As a white person i certainly don’t take offence that white racists are highlighted.

      • Mooser
        March 22, 2017, 4:03 pm

        “…i certainly don’t take offence that white racists are highlighted.”

        “oldgeezer”, I guess the perception of ‘offense’ depends on what and how much a person has invested in their whiteness.
        And what kind of return they expect on the investment.

      • oldgeezer
        March 22, 2017, 5:56 pm

        @Mooser

        Lol well I guess I have zero investment in my skin colour. Yet another tribe I am not a member of. I kind of identify with Groucho on that issue.

        I confess I can be mistaken for an ultra nationalist during international sporting events such as the olympics or world hockey championship. But it is only a temporary condition.

        On a serious note for just a second there is no doubt I benefitted from white privilege without even trying. Not having to fight an uphill battle against racism and therefore being judged solely on my abilities is indeed a privilege many people don’t get.

      • oldgeezer
        March 22, 2017, 5:58 pm

        @Mooser

        Ps

        ‘Offence’ :)

    • RoHa
      March 21, 2017, 6:42 pm

      And it is by no means obvious that civic nationalism is as odious as racial nationalism. Although, of course, a NZ nationalism that demanded the total subjugation of Australia would be.

      • Qualtrough
        March 23, 2017, 2:07 am

        Dear Mooser. I merely asked why it was necessary for the author to specify one type of race-based nationalism. While race may or may not be a valid construct, the author obviously thinks it is. Otherwise nationalism alone would have sufficed to make the point.

  6. TGW
    March 22, 2017, 9:41 am

    Dear Ms. Elia,

    I am a native Lakota. I was raised by a lesbian mother and had to fight against discrimination against her all my young life. So I guess that makes me a feminist too. I am also a freshman at NYU. I am the first of my family to go to college. I am still finding my political voice so I don’t get involved with much. I watch and I listen and I make my own decisions.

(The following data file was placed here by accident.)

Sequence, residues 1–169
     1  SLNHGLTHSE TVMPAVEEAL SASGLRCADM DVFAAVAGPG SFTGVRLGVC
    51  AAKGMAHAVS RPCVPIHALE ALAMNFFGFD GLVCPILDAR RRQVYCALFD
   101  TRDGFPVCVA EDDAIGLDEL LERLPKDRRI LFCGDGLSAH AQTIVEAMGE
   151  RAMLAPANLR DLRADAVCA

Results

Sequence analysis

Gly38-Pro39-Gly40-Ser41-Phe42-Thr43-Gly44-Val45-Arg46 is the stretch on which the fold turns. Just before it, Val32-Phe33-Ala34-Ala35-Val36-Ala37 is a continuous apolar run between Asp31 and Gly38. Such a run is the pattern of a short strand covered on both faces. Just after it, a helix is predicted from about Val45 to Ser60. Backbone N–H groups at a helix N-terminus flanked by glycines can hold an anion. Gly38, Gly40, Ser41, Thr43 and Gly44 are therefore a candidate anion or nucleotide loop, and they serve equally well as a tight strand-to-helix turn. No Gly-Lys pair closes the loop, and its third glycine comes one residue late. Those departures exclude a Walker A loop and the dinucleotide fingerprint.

Having looked around your website here, I have decided this will be my one and only post. I will not respond to any questions or comments.

    Your article was forwarded to me. I read it carefully. Many of my family and friends were put in jail fighting the pipeline at Standing Rock. I saw people of all faiths and politics come to our aid and they were also arrested. The police didn’t ask for a manifesto before they put the handcuffs on.

    We welcome absolutely anyone who wants to fight this pipeline. Any political stripe. Any religion. Any race. Any combination thereof. I’ve heard no First People speak any differently as long as the help is genuine and without conditions.

    Ms. Elia, you do not speak for me or all the Lakota. I am greatly saddened by your call to discriminate when we need all the help we can get. Every single human body on the front line is and has been appreciated. We First People’s are not your symbol. We are not your backdrop. People claiming our fight is their fight has been a very familiar refrain of the colonizers here in America. If you want to help us, then help us without political games.

    I respectfully ask you to retract your article. It will only do damage to our people and the fight against the pipeline.

    • Keith
      March 22, 2017, 11:49 am

      TGW- “I respectfully ask you to retract your article. It will only do damage to our people and the fight against the pipeline.”

      There is a lot about this comment which doesn’t ring true. The notion that this fine article by Nada Elia, which I agree with, is somehow damaging to either the Lakota Sioux in general or the Standing Rock direct action resistance because of one reference to Standing Rock is dubious at best. The article was provided? Provided by who? It is one thing to question the Standing Rock reference, another to call for a retraction of the whole article claiming damage to the Lakota and to the pipeline resistance which, I might add, appears to have been crushed. The brief victory months ago inspiring, the current reality perhaps inevitable and not at all conditioned upon this article pointing out the long term incompatibility of Zionism with progressivism.

  7. Mooser
    March 23, 2017, 4:22 pm

    “Keith” a lot of things don’t ring true. Not even the phones at Jewish Centers.

    “JCC bomb threats: Teen suspect arrested in Israel”